This year was also the launch of the Chinese Christianities Seminar. Within AAR there were other papers on Chinese Christianities within the Chinese religions group, Society for the Study of Chinese religions, and world Christianity group, but it is nice to have a dedicated space. This year the panel was:
1. Christopher D Sneller, King’s College London
The Role of Union Theological Seminary (New York) in Indigenizing Christianity in Twentieth-Century China
2. Stephanie Wong, Georgetown University
Towards A Responsive Urbanizing Church: Chinese Catholics Crossing the Rural-Urban Boundary
3. Mu-tien Chiou, Trinity Evangelical Divinity School
Pluralism and Christian Ecumenism: A Theological Reflection on Post-Sunflower Movement Taiwan
4. Di Kang, Lutheran School of Theology, Chicago
Historiography and Community Identity: Hong Kong Christians and the Recording of the 2014 Pro-Democracy Protest
5. Justin Tse, University of Washington
A Tale of Three Bishops: Chineseness and the Global City in Vancouver’s Anglican Realignment
I had about ten minutes to give a response, and I tried to highlight several of the major themes in our discussion. An emphasis we have is “border crossing,” and here some papers looked at border crossing within China, Hong Kong, and Taiwan, and others highlighted movement between different areas (Vancouver’s three Anglican bishops, borrowing between protest movements, historical flows between the US theological academy and diaspora groups). I said that I think the field has really grown in the last ten or twenty years. It used to be that there were still a few foundational figures that were always cited, but that’s not really the case any more. Social sciences are also more critical than in the past, and almost ever paper dealt substantively with theory pulled from soc/anthro or another field. “Chinese Christianity” used to really be “Christianity in the service of China,” and that’s clearly not the case.
Someone asked me again about using “Chinese Christianities.” Why not use “ethnic Chinese,” as in the Ethnic Chinese Biblical Colloquium, which meets at SBL? I actually prefer Chinese Christianities, where Chinese is an adjective, to Ethnic Chinese, where Chinese is the noun. When we talked about this a couple of years ago there were real questions about how we understand China and Chinese. I often cite Henrietta Harrison’s description of China as empire, nation, and civilization. Here there’s not a single, changeless China. Instead Chinese-ness has been spread through the state, through empire, and through culture. China is still a nation, it acts or often has acted as a multicultural empire, and it is also something like a broad-reaching culture with shared aspects of worldview, written language, and history. So, in Taiwan, where I live, a good chunk of the Christians are aborigines and predate the arrival of Han/Chinese peoples. Chinese culture influences everyone here, but Taiwan has been de facto separate from Taiwan for more than a century, after having been part of it for three centuries. “Chinese” is hotly contested here. I have a colleague who really doesn’t like using the word “Han” to describe Taiwanese people, but most Taiwanese casually will still call themselves Chinese or Han. In Taiwan, citizenship is still related to blood ancestry, but there’s also an increasing sense of difference from China, and a broader range of meanings for Chinese. The plural “Christianities” also highlights the real disagreements about what it means to be Christian.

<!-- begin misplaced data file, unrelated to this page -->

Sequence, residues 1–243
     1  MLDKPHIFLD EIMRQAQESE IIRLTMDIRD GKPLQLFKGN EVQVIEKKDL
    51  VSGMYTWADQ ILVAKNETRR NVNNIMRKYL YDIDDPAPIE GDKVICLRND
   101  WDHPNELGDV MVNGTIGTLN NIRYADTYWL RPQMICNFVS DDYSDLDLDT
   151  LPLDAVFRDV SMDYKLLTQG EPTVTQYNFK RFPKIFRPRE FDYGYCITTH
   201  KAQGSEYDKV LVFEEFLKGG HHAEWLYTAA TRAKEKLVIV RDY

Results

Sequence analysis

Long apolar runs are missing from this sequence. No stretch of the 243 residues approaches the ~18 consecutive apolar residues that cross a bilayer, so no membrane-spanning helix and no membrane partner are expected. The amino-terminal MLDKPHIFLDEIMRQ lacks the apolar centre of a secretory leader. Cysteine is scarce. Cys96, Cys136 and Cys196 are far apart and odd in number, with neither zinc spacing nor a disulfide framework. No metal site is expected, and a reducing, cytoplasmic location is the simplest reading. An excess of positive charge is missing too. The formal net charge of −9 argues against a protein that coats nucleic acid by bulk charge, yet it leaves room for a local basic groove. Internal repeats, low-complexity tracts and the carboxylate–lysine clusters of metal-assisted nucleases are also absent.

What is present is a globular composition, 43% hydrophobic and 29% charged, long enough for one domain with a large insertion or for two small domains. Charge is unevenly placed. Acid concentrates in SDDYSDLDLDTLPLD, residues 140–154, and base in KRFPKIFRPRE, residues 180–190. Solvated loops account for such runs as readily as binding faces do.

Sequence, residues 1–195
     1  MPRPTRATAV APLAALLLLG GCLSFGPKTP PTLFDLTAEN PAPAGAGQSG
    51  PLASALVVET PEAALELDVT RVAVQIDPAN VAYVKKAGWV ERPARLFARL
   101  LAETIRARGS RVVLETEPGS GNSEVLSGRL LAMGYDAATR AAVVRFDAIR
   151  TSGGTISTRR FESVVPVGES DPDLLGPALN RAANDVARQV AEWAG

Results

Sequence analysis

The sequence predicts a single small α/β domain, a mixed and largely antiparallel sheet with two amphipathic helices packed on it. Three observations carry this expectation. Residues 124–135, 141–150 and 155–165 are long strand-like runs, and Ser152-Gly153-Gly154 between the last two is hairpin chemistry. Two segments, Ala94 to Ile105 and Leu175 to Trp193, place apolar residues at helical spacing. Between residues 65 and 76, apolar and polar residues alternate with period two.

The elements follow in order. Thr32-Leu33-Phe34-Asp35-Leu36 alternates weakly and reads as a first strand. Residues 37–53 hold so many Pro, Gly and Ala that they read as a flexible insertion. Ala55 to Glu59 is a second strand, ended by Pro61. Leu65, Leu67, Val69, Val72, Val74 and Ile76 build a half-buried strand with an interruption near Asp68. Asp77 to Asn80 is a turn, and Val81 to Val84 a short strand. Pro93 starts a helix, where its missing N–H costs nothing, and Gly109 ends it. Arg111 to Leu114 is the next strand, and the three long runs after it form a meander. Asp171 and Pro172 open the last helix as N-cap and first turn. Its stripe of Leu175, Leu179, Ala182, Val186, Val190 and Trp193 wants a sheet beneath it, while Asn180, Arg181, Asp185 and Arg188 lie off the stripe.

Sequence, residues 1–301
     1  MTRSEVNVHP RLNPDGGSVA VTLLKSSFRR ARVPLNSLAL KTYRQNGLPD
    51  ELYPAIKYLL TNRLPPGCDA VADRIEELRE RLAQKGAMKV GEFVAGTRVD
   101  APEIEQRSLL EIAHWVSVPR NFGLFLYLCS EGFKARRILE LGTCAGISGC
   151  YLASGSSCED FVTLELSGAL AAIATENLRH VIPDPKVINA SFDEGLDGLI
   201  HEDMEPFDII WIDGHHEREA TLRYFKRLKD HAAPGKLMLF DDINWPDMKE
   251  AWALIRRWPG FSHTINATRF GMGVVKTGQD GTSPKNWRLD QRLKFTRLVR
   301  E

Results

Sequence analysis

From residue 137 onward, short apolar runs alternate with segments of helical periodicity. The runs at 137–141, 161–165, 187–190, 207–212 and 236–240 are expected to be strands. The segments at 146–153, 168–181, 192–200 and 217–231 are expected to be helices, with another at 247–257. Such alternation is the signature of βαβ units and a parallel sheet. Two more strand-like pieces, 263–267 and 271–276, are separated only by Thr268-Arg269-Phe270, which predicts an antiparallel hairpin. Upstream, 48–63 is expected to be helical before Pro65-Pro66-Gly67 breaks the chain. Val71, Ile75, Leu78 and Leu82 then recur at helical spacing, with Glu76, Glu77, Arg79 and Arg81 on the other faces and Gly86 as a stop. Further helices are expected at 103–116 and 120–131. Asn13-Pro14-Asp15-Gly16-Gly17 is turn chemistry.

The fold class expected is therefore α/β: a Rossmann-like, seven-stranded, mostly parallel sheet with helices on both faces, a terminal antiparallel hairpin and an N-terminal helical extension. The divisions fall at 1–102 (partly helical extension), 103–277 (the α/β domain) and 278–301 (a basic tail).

Being in AAR situates us between theology and religious studies. At the same time, I came to this discussion first through Asian studies (Association for Asian Studies long had an informal group that discussed Chinese Christianity) and the Yale-Edinburgh group (which usually has a few papers). There are also theological discussions–Mark Toulouse sent us the invite for a conference on Christianity in China in the 21st Century that included many three self leaders. In Taiwan there’s a Jonathan Chao archives that has hosted some public discussions on Christianity in China and many of the seminaries here have daughter seminaries that run in Taiwan. In Taiwan Chung-Yuan University has a Sino-Christian studies program, and there are similar departments in Hong Kong and Sinagapore. As an academic field, Chinese Christianity is often part of philosophy or history departments in China (in 2004 I attended a conference on missionaries and translation). There is a broader and broader range of academic networks, including schools in Hong Kong and Taiwan, and among interested researchers in North American and Europe. I feel grateful that I got to be part of the tail end of an earlier wave of scholars but am now watching a rising generation that is truly interdisciplinary, interconfessional, and international.